A project at the College of Life Sciences which is helping power scientific research around the world is among the recipients of a £5.5m investment announced today by the Biotechnology and Biological Sciences Research Council (BBSRC).
The Dundee-led project will provide scientists in 140 countries with the software tools to take raw genetic sequence data and make predictions about the structure and function of the proteins that they encode. This will help researchers to make better use of the enormous volumes of DNA sequence data that are generated in modern bioscience.
“We have developed tools at Dundee that are now used by researchers around the world thousands of times a month and across the scientific spectrum, from research into diseases like cancer to areas such as plant sciences,” said Professor Geoffrey Barton, from the College of Life Sciences at Dundee.
“Research now generates massive amounts of data which has to be handled, stored and analysed. The work we have done and which we continue to develop at Dundee provides fundamental capabilities for researchers to use this data efficiently.”
The Dundee project is receiving around £700,000 from BBSRC.
The University is currently expanding research in quantitative biology within the £50m Centre for Translational and Interdisciplinary Research, which is due to be complete in late 2013. The Centre will integrate expertise in cell biology, mass spectrometry, proteomics, “big-data” analytics, drug discovery and computer science to exploit the potential of the human genome project for healthcare and the development of safer drugs.
BBSRC has announced support for ten projects to help researchers develop and maintain the infrastructure and resources that are vital for modern bioscience. The projects represent a £5.5m investment by BBSRC to ensure that the bioscience community is equipped to help meet some of the biggest challenges that we face as a society.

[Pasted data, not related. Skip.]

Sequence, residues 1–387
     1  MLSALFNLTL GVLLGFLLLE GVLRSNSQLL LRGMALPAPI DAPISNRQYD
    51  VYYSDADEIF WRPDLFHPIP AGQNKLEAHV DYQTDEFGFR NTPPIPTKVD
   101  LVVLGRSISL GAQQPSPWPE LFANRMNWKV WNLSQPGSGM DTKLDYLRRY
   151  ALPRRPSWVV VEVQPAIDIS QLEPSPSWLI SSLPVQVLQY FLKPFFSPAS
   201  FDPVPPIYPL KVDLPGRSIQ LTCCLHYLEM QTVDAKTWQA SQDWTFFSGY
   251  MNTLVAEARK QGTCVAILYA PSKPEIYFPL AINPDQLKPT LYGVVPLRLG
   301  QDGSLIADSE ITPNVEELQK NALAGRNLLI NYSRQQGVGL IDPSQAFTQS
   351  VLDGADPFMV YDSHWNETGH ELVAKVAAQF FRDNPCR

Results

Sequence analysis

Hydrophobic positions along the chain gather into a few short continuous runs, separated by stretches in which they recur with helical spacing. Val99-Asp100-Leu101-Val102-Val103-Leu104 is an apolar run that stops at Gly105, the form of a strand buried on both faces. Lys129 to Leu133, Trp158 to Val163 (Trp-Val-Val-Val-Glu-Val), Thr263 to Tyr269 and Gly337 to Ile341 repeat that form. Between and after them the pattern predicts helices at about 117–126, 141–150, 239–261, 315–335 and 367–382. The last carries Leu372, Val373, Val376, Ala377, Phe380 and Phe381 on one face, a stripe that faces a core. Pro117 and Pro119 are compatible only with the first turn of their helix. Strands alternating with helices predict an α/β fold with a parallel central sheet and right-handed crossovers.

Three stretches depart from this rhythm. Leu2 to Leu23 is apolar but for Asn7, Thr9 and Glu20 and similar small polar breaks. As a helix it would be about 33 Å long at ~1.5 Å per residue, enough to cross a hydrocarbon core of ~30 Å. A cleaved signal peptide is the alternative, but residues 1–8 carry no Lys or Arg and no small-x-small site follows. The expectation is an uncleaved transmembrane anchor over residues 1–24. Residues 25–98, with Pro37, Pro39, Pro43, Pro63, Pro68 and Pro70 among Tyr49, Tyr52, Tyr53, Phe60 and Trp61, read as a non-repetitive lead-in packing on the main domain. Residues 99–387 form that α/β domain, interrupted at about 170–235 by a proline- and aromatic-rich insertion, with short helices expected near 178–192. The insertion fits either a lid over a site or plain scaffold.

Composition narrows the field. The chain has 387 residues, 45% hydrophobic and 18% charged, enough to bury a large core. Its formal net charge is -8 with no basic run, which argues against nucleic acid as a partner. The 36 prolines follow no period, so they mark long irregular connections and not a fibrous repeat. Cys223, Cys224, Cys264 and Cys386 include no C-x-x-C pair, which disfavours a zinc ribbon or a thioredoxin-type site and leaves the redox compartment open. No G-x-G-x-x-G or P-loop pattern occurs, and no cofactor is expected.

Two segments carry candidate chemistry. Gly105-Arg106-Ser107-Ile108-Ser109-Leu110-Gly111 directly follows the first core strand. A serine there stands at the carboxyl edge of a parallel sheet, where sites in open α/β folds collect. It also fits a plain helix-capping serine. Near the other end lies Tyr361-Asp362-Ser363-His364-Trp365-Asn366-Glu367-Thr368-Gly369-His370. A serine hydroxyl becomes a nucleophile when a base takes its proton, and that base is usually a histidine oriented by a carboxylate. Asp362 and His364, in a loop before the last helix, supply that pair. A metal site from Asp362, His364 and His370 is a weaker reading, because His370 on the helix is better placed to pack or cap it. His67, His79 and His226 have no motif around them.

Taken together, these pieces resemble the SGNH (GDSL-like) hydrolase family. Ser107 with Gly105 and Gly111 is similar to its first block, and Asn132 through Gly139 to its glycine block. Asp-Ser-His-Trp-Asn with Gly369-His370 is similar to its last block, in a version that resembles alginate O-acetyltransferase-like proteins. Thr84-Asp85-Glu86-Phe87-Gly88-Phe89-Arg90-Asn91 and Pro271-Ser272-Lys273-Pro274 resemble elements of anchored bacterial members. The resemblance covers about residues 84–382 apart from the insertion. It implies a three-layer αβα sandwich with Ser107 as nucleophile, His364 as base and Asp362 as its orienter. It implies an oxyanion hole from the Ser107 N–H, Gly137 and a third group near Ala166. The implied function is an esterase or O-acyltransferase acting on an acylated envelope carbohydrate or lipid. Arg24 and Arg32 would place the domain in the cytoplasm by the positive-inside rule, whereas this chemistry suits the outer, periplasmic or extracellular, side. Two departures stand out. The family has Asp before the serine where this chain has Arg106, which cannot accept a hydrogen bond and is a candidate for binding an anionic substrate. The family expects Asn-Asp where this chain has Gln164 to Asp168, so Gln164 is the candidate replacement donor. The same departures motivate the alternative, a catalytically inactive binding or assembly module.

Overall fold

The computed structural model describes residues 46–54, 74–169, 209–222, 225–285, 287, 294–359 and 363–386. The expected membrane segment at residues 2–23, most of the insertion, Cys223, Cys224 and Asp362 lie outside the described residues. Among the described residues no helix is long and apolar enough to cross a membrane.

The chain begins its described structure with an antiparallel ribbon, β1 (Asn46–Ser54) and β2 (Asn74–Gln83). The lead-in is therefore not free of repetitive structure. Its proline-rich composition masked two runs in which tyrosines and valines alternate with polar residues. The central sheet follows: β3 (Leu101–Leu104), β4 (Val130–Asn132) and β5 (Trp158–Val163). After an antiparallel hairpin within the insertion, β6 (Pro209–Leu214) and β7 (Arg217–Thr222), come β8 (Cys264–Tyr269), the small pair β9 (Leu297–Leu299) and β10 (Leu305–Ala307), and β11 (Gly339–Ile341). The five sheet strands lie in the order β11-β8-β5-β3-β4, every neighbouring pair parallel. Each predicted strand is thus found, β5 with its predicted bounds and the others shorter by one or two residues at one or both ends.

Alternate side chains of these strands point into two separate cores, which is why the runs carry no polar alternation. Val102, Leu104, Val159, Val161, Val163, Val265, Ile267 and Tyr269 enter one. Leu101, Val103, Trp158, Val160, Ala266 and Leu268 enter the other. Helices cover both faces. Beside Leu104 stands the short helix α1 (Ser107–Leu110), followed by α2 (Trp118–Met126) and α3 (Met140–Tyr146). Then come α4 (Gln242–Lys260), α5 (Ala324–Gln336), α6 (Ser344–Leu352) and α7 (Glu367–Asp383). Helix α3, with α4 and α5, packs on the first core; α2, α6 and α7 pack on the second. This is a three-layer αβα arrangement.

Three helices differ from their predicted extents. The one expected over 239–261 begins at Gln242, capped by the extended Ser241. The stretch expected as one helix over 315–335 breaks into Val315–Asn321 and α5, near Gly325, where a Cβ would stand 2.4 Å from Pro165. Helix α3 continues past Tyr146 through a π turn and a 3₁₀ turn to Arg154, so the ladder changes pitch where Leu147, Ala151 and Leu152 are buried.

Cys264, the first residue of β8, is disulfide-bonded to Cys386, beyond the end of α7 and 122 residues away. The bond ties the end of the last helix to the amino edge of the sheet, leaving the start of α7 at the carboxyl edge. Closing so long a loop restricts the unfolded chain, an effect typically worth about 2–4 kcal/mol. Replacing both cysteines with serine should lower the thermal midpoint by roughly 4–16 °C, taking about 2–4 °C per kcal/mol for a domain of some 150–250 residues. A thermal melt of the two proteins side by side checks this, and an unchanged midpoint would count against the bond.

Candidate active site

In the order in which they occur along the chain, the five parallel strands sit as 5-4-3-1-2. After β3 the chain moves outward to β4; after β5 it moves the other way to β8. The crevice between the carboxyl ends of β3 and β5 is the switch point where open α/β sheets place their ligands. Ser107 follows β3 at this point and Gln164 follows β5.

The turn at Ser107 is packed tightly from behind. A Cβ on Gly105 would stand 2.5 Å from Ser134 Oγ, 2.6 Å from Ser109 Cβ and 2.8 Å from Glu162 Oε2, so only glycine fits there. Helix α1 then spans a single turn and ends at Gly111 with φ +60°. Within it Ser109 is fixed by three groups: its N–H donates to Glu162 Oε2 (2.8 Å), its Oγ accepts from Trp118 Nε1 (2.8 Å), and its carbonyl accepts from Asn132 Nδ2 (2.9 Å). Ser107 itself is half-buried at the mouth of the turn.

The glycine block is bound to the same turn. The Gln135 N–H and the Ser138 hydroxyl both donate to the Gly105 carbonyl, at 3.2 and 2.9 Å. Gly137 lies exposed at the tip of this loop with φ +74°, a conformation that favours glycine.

The projects are being supported through the Bioinformatics and Biological Resources fund which aims to provide scientists with important resources such as databases, new software tools and libraries. These are essential tools for modern data-driven biology.
Professor Douglas Kell, BBSRC Chief Executive, said “Many of the exciting breakthroughs that have been achieved by modern biology have only been possible because of advances in technology. Developing new tools and techniques to allow us to make the most of the vast amounts of data that bioscience produces is a vital and often underappreciated aspect of research. Projects like these are allowing scientists to make major insights and solve previously intractable puzzles at unprecedented speed.”
One of the funded projects, led by researchers at the European Bioinformatics Institute (EMBL), will provide a central repository for models to be shared amongst biologists. Researchers will be able to browse available models via a website and then download them for use in their own work. Making these models more accessible promises to help scientists understand how biological systems work and could help researchers in fields including drug discovery and synthetic biology.
A community resource in wheat transformation is also being funded at the National Institute of Agricultural Botany (NIAB). The aim is to provide plant scientists with access to the best public wheat transformation system currently available anywhere in the world. The resource could help increase wheat yields in the face of food security challenges.
The ten funded projects are:
· Professor Geoffrey Barton, University of Dundee – The Dundee Resource for Protein Structure Prediction and Sequence Analysis
· Professor Bonnie Ann Wallace , Birkbeck College, and Dr Robert Janes, Queen Mary, University of London – The Protein Circular Dichroism Data Bank, the DichroWeb Server, and ValiDichro: Data Sharing, Analysis and Standards Resources for CD Spectroscopy
· Dr Alex Bateman and Dr Paul Kersey, EMBL European Bioinformatics Institute – The RNAcentral database of non-coding RNAs
· Professor Michael J Sternberg, Imperial College London – Maintaining and extending PHYRE2 to deliver an internationally-recognised resource for protein model
· Professor Pedro Mendes, University of Manchester – COPASI - Open source software for advanced biochemical network modelling
· Professor Thomas Freeman, University of Edinburgh, and Dr Anton Enright, EMBL European Bioinformatics Institute – Development of a Rapid Processing Pipeline and Graph-based Visualization for the Analysis of Next Generation Sequencing Data
· Professor Peter Ghazal, University of Edinburgh – The SPRINT approach to network biology
· Dr Nicolas Le Novere, EMBL European Bioinformatics Institute – BioModels Database, the comprehensive resource for computational models in biology
· Mr Henning Hermjakob, EMBL European Bioinformatics Institute – DAS in the age of data-driven research
· Professor Andy Greenland, National Institute of Agricultural Botany (NIAB) – A community resource in wheat transformation